For a Grid Chicago article I was writing, I wanted to draw on a map to demonstrate to readers where people were commuting and not commuting. I wanted the map to show CTA lines. I didn’t want to use a Google Maps screenshot because it would have been low resolution, and I didn’t think the styling would be appropriate.
I opened up TileMill and whipped up my own maps! I already had the base layers set up for the Chicago Bike Map app, so I duplicated that project and then added the Chicago Transit Authority and Metra train lines with data and styles prepared by OpenPlans (created for its Chicago bike sharing Shareabouts installation; download the data and styles here). Highways, the most common geographic reference point in cities, are also included on the map.
Data comes from OpenStreetMap contributors and the styling is OSM-Bright.
Go grab them on Flickr. Use them as needed but please provide attribution to “Steven Vance, OpenPlans, and OpenStreetMap contributors”.
Chicago map, with Metra
Chicago map, with CTA
Chicago map, with CTA and Metra
About Steven Can Plan
I started this blog in 2007 as the writing assignment for an introductory urban planning class at UIC. It's about cities (mainly Chicago), GIS oftentimes, and transportation (mainly bicycling). Learn more about me, Steven Vance. I also write for Streetsblog Chicago.
Steven Can Plan is hosted on Dreamhost.
Chicago Bike Map App
The Chicago Bike Map app is a bike and street map stored entirely in your iOS device – no data connection required. The map is designed to look much like the City of Chicago's official printed and online bike map. The app works on iPhone, iPod touch, and iPad.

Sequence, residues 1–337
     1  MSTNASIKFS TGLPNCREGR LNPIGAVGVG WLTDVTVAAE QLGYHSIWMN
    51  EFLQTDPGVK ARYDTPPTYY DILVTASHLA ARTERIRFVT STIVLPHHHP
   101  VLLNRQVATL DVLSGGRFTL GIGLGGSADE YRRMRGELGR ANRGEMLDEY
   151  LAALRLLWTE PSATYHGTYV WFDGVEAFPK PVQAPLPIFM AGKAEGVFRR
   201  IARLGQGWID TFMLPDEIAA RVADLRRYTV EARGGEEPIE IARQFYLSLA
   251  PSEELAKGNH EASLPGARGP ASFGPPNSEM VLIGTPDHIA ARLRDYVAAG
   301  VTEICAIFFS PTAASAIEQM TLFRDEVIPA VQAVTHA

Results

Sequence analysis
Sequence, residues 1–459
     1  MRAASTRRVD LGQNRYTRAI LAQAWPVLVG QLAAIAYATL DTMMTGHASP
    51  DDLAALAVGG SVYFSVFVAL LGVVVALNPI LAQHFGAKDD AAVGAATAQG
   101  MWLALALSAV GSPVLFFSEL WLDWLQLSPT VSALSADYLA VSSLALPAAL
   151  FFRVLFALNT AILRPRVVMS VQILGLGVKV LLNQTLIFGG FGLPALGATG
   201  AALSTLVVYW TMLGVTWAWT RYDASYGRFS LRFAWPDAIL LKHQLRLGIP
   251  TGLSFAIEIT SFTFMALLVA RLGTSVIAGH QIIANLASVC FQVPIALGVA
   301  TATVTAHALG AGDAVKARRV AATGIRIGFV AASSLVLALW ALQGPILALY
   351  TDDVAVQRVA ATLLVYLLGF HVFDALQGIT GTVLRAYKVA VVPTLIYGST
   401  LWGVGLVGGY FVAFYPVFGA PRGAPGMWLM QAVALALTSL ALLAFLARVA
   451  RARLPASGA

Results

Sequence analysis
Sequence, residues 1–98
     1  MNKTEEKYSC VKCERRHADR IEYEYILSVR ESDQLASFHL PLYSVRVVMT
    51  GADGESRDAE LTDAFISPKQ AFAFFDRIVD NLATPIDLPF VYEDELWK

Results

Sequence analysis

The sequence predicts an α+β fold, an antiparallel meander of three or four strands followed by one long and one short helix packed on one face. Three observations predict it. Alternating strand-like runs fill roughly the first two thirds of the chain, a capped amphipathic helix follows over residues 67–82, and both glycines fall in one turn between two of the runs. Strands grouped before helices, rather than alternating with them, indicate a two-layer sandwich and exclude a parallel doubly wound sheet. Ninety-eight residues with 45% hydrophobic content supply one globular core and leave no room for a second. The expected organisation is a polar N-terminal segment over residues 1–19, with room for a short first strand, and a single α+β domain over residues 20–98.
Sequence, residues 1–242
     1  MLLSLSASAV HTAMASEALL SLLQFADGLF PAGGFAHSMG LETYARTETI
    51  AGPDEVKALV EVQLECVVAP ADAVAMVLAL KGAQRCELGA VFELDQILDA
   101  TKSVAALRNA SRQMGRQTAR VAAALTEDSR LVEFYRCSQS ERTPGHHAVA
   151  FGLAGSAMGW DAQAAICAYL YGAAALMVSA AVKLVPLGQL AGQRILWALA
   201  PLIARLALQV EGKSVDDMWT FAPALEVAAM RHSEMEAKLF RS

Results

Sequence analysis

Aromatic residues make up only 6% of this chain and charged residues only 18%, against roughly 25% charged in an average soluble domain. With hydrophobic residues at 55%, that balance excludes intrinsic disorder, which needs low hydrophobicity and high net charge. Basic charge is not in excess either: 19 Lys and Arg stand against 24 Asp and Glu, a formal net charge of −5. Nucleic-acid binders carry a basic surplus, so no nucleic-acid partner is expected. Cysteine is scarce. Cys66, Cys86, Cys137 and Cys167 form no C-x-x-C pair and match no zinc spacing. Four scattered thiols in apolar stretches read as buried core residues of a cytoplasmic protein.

Highly Recommended Bike Products
So far my longest trip was 40 miles on this saddle. It molds to your butt like Birkenstock sandals mold to your feet. The springs make the bike ride a little more comfortable and more fun (weird, because you bounce up and down on them). It also looks gorgeous. Comes in 3 colors - I got black.
Bells can be quite useful, especially to tell people in front that you're passing them. I like the ding-dong bell the best. It makes a solid DING and then DONG on the spring's return.
These folding locks are lighter weight and more versatile than an equally strong u-lock.
Instant City: Life and Death in Karachi by Steve Inskeep
I reviewed this book that the publisher sent to me.
The Death and Life of Great American Cities (50th Anniversary Edition) (Modern Library) by Jane Jacobs
Sustainable Transportation Planning: Tools for Creating Vibrant, Healthy, and Resilient Communities (Wiley Series in Sustainable Design) by Jeffrey Tumlin
I was sent a review copy. I'm really excited to open it up and start reading because I've been disappointed with textbooks in the past that don't focus on bicycle and pedestrian planning.